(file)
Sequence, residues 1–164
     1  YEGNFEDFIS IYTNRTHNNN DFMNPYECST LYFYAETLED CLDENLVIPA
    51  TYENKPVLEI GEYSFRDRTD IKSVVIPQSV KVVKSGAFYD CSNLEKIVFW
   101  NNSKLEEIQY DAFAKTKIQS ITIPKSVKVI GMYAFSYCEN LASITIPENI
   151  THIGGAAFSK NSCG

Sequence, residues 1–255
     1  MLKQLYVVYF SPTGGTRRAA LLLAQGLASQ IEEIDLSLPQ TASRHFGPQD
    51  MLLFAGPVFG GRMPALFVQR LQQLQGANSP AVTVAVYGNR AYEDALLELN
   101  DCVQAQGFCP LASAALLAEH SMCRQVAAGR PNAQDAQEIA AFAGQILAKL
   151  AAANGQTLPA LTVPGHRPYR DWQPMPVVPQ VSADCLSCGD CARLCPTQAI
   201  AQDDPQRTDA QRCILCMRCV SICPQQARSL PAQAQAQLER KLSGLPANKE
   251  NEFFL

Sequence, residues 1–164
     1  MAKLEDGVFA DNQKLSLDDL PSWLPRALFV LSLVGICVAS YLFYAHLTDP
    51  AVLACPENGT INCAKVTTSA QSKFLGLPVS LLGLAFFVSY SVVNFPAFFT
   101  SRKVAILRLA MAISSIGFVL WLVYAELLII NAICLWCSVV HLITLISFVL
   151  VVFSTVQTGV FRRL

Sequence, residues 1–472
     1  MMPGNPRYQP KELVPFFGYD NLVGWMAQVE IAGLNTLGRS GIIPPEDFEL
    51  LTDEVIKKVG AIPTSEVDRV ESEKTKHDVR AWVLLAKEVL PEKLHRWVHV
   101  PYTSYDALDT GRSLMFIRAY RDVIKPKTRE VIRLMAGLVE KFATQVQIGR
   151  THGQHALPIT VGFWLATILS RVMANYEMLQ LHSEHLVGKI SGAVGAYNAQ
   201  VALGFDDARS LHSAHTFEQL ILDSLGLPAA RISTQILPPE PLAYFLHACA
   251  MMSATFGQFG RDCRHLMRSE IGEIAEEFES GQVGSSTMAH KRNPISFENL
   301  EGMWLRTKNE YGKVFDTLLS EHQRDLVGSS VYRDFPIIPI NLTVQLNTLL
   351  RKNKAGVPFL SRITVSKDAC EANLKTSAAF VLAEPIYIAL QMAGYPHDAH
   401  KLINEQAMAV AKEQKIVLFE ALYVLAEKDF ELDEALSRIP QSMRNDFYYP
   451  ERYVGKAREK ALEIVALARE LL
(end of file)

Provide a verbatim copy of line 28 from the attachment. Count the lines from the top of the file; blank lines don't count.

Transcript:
   451  ERYVGKAREK ALEIVALARE LL